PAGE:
Explore 3 children’s health apps developed by parents

By , 14 December 2016 at 09:21
Explore 3 children’s health apps developed by parents
Digital Life

Explore 3 children’s health apps developed by parents

By , 14 December 2016 at 09:21

Zephbot, Worrinot and Night Zookeeper – not a firm of solicitors but a triumvirate of mobile therapy

Now that developing apps is less daunting, many parents have been inspired to create systems that help others to benefit from their own child-raising challenges. Here are three that the Nominet Trust have identified – these tackle dyslexia, cystic fibrosis (CF) and mental health.

When Will Jackson’s daughter was diagnosed with CF in 2005, he’d never even heard of the condition. The daily burden of care that he now faced was hugely stressful but any element of control would help to alleviate the strain. “There’s a lot to keep track of and it doesn’t just affect my daughter. By 2013, our daily routine of arguments and nagging around physiotherapy was too stressful,” said Jackson.

Jackson developed Zephbot, an interactive app to help children with Cystic Fibrosis to fully complete their treatment. The physiotherapy and breathing exercises involved in treatment are typically an epic struggle to complete correctly, but it is vital for children to do so.

In 2014 he began the process in which he built, prototyped, programmed, developed and tested his invention. “It transformed the daily physiotherapy routine from a source of conflict into a fun and engaging experience,” explained Jackson.


After his daughter used it for months at home, various UK National Health Service respiratory teams helped him refine and develop the device.

The product works with most equipment used for chest physiotherapy and can make this a fun activity by turning it into a game. “My personal goal is to make this available to every family who is affected by cystic fibrosis,” says Jackson.

Meanwhile, the World Health Organisation reports a rise in children’s mental health issues, with 10% of British children being affected.

John Gladman’s Worrinots app encourages children to share their fears, worries and anxieties early on before they fester and become greater issues in later life.

As children mature their worries change – fears go from being scared of the dark to family-related anxieties, body image issues and exam phobia. Now more than ever, they’re likely to turn to the internet for answers, which could be even more scary.


The Worrinots app gives children an easy and safe channel to communicate their anxieties and share them with parents. By learning to share early on, the intention is to enable them to nip issues in the bud before these snowball into larger challenges. Well-meaning adults rarely know the best way to approach difficult issues, so the Worrinots app is also meant to equip parents with better information.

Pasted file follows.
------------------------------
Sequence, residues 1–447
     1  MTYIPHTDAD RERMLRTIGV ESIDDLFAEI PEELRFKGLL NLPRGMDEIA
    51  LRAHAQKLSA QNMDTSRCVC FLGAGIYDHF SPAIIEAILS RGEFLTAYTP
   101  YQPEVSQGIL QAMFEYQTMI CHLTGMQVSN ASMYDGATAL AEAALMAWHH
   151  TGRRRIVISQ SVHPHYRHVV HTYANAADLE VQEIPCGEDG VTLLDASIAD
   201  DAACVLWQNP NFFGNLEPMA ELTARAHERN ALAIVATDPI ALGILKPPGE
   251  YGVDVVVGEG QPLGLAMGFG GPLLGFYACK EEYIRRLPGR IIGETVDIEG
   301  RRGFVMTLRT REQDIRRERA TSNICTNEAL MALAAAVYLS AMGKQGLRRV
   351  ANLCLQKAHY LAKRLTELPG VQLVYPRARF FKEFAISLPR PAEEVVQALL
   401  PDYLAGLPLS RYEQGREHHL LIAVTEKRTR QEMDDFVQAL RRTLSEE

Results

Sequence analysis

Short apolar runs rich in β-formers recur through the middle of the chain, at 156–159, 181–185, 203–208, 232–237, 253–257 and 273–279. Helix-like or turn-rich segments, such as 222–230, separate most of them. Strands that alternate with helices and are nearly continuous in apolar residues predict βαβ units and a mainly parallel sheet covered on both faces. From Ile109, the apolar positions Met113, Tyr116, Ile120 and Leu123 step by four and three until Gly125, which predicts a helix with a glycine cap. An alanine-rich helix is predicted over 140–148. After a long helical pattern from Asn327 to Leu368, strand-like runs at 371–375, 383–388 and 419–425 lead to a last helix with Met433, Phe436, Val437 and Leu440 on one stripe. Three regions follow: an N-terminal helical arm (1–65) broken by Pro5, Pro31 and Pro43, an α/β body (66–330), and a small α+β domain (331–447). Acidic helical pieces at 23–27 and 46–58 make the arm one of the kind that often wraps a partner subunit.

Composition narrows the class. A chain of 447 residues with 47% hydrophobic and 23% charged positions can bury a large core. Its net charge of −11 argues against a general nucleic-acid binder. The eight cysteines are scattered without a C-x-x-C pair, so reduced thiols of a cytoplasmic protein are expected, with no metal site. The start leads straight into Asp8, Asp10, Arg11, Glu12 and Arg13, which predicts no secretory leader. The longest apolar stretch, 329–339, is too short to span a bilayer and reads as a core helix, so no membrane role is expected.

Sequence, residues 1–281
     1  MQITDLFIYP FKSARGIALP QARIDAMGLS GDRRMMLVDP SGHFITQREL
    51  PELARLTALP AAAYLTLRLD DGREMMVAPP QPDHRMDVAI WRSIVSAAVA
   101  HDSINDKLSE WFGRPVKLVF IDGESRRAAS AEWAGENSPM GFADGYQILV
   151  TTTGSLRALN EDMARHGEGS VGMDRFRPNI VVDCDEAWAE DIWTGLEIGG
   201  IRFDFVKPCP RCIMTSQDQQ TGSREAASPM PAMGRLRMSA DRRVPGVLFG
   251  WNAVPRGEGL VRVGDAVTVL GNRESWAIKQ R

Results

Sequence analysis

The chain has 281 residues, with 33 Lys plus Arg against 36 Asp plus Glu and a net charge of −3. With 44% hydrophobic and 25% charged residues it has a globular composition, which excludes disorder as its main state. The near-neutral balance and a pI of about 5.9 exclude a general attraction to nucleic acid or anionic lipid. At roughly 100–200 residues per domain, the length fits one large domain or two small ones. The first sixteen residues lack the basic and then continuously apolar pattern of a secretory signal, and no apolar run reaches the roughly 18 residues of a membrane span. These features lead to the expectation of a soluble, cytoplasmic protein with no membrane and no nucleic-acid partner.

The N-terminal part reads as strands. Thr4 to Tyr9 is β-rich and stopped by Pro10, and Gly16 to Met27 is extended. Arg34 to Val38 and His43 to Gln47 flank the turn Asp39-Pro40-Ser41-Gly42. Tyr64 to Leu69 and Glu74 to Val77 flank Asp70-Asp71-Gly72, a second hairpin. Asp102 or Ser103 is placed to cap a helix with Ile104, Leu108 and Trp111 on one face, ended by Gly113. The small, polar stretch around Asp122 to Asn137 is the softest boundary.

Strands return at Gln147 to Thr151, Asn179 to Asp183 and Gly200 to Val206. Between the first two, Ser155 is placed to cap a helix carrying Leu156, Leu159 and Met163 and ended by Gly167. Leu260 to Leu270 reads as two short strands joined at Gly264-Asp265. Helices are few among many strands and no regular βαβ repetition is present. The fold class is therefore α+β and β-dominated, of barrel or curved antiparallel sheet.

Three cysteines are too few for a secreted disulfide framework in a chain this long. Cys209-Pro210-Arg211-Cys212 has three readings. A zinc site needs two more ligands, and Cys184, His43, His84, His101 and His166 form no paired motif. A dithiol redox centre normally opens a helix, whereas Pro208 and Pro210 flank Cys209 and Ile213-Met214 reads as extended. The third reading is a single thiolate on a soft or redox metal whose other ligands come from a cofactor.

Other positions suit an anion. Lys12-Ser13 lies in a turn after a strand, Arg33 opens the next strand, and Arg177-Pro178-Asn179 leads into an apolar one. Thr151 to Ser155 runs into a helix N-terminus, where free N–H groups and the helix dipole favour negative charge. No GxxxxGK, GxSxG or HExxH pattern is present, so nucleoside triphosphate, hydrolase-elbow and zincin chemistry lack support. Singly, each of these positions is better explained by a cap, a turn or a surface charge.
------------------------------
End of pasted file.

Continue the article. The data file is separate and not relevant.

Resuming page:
Let’s move on to Night Zookeeper – this is a wonderful example of what can happen when you start simple, build by increments and gradually let your imagination run riot. Founder Joshua Davidson started it as a simple story about magical animals, but the system has taken on a life of its own. It now includes a feature that could help dyslexic children with their reading (Incidentally, the startup was originally incubated by Telefonica’s Wayra accelerator programme).

With most classes in schools having upwards of 30 pupils, it can be difficult for teachers to properly assess children’s reading levels, let alone bring out the best in them. Under these pressured circumstances, dyslexia can be difficult for teachers to spot. Davidson’s solution is an online educational system that aims to inspire children to be creative through writing.

Night Zookeeper entices nervous students into expressing themselves by inviting them to interact with magical creatures and evil monsters. “We aim to support everyone to develop their best writing,” says Davidson.

An automated feature within the system makes the assessment of pupils a much less laborious process for teachers. This gives them more time and better tools to identify children’s talents and needs. Early detection means early support, so teachers can give them the assistance they need straight away. To date, a staggering 200,000 stories have been published to the website. The children at Harrow International School in Beijing like interacting with the system so much they come in to lessons early, says pilot user Cara Gleason, a Year 5 teacher. The system can also be linked to all the major teaching curriculums across the world.

Davidson sums it up eloquently: “No student should ever be left behind.”

previous article

Can digital help us become better decision-makers?

Can digital help us become better decision-makers?
next article

What Happens when Blockchain and AI combine?

What Happens when Blockchain and AI combine?